Can you believe we are already in week 6? Thank you to everyone who has linked up to share lesson ideas and reviews of books. I have gotten so many new ideas from y'all! Thank you and and keep 'em coming!
I started the summer with 18 books on my Battle of the Books reading list, and I've read 10 of those. If I keep up my current pace, I will actually finish all 18 by the time school starts! Whoo-hoo!! That will feel like such a great accomplishment!
This week, I started with a little fantasy and time travel...
Honestly, it took my almost a week to finish reading this book. I had a really hard time getting into the story. I'm not quite sure what it was, maybe the part about being a fairy?!? That seemed a bit out of place and unnecessary. I think maybe I just didn't buy into that. I don't know, but I persevered. I told myself the same thing I tell my students sometimes when I know the book will get better, "Why not give it 100 pages?" So I kept reading and (luckily) it did get better!
Once Miri got back to her present time and started working out a plan to save Molly, the book did pick up. The story became much more interesting and I was easily able to finish the book. I liked Miri very much as a character. She was smart and witty and so thoughtful about things. I thought Barrows did a great job capturing her family dynamic and creating an urgency to save Molly.
The reviews on Amazon are very positive and it seems that children really enjoyed the book. (Which is perfect, because it WAS written for them.) I'm curious to see what my class thinks about this one in the upcoming year. It wasn't my favorite, but maybe I'm just not the right target audience. I think girls, grades 4-6, would enjoy the novel and the magic and mystery surrounding this time travel adventure.
Has anyone else read it? What were your thoughts? Please comment and share!
Next, I was looking for a little adventure, so I read...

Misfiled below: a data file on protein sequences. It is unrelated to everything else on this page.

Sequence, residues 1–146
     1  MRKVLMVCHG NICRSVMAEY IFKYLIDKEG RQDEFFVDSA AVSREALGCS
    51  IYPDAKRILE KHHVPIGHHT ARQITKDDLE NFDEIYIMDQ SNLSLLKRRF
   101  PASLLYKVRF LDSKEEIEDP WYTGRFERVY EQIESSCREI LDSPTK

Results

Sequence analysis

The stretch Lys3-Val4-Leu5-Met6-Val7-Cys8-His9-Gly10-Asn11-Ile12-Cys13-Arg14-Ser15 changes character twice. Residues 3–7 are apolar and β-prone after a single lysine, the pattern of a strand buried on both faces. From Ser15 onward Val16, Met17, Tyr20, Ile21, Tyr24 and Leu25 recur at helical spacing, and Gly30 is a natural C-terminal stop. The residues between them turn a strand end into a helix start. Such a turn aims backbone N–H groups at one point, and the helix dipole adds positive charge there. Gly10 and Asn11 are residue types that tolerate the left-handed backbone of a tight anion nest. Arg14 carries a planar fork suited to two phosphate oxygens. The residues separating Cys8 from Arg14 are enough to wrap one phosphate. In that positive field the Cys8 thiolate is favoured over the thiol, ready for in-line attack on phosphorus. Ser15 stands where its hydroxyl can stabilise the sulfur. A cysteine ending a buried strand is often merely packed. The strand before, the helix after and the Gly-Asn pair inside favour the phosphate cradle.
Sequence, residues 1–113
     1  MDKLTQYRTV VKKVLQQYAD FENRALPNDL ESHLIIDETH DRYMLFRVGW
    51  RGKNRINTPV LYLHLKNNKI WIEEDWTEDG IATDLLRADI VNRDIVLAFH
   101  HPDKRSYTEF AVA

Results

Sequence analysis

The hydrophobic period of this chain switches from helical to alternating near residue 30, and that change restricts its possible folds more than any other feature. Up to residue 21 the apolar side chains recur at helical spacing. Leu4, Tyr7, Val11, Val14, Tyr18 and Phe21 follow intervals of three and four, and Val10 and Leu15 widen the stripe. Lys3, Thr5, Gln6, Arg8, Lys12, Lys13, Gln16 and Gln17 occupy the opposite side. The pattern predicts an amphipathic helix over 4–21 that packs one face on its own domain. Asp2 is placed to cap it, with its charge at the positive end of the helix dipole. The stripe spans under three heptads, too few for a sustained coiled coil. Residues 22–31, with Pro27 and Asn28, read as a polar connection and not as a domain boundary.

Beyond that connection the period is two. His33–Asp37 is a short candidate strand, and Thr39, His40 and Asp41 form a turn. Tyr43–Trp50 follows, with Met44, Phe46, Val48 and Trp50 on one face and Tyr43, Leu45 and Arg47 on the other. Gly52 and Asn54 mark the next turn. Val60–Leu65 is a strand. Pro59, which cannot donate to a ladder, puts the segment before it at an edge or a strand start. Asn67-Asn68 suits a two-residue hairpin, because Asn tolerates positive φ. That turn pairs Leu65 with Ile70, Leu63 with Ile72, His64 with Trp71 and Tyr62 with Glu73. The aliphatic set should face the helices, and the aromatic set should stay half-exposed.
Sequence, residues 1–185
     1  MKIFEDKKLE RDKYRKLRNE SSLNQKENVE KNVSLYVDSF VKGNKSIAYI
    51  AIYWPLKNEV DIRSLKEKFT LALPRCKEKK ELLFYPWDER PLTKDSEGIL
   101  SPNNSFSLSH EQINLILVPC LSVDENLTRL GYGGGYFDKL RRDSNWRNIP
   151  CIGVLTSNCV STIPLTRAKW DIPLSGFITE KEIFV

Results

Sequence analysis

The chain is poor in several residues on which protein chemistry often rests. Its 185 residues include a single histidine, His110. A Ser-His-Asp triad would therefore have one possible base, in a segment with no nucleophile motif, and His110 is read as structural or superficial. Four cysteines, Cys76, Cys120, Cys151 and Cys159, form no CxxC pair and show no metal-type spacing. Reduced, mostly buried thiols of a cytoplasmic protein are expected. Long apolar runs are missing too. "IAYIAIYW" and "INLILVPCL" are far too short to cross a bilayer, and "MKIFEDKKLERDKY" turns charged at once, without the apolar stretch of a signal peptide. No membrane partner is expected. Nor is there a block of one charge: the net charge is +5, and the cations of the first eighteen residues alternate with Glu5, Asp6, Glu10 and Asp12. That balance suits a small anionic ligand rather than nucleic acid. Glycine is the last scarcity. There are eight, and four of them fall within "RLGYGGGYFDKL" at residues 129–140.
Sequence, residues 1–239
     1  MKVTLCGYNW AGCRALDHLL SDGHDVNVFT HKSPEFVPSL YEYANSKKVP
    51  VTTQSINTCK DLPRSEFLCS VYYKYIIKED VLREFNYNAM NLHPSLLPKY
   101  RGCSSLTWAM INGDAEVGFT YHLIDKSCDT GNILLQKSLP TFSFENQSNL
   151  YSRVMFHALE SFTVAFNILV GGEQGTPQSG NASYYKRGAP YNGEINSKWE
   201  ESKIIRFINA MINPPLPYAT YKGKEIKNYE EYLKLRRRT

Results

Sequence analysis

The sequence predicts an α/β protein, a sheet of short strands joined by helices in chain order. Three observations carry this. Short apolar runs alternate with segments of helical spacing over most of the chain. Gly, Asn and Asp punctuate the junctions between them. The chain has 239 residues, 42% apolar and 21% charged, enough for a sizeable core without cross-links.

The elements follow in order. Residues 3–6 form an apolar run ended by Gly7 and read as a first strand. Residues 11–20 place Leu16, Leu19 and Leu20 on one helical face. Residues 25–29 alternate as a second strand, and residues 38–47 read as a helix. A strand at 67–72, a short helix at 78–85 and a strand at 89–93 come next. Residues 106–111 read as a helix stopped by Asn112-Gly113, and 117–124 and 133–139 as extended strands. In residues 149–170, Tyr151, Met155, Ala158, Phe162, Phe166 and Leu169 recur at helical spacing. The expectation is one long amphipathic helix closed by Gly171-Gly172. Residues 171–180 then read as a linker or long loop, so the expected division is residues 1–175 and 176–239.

Night of the Howling Dogs is based on the true story of a boy scout troop camping at Halape (a remote spot under a volcano on the Big Island of Hawaii) in 1975 when a 7.2 magnitude earthquake hit and was followed by a 300 foot tsunami that rose 50 feet above sea level. I know, yikes?!?
Although the novel is based on the scout troop and true geological events, the story is completely fictional. Dylan's adventure begins with his scout troop hiking out to Halape and get settled in camp. There is a new edition to his troop, Louie Domingo, who is making life much more difficult for Dylan. There is a secret between them that continues to build tension until... boom...the earth begins to quake. Suddenly, survival is the only that that matters. During the hours following the quake and tsunami, Dylan learns the true meaning of leadership and that maybe, just maybe, that Louie isn't so bad.
Wow! I mean... WOW! This was an action packed incredible read. I couldn't put it down and even woke up early one morning to finish it. (5 am early) If you enjoyed reading Hatchet, Shipwreck at the Bottom of the World, or other survival stories, you will LOVE this book.
This is a picture of Halape after the tsunami. The coconut grove shown is frequently mentioned in the book. Click the picture to go to the USGS website for more information about the ground movement during the earthquake and before and after pictures.
I looked around online because I thought the reading level would be much higher on this book but most websites say ages 8 and up. I was surprised because there is some pretty dense vocabulary throughout the book, which would make it a more difficult read for students with limited vocabulary exposure. I'd say a 4th or higher for independent readers, but younger readers could read and LOVE this book if it was read with them. I would highly recommend this book!
Well, that's it for today. What books for kids have you read this week that you could share? I'd love to hear your thoughts, recommendations, lesson ideas, and more. (I even want to know about duds...that's important information too!)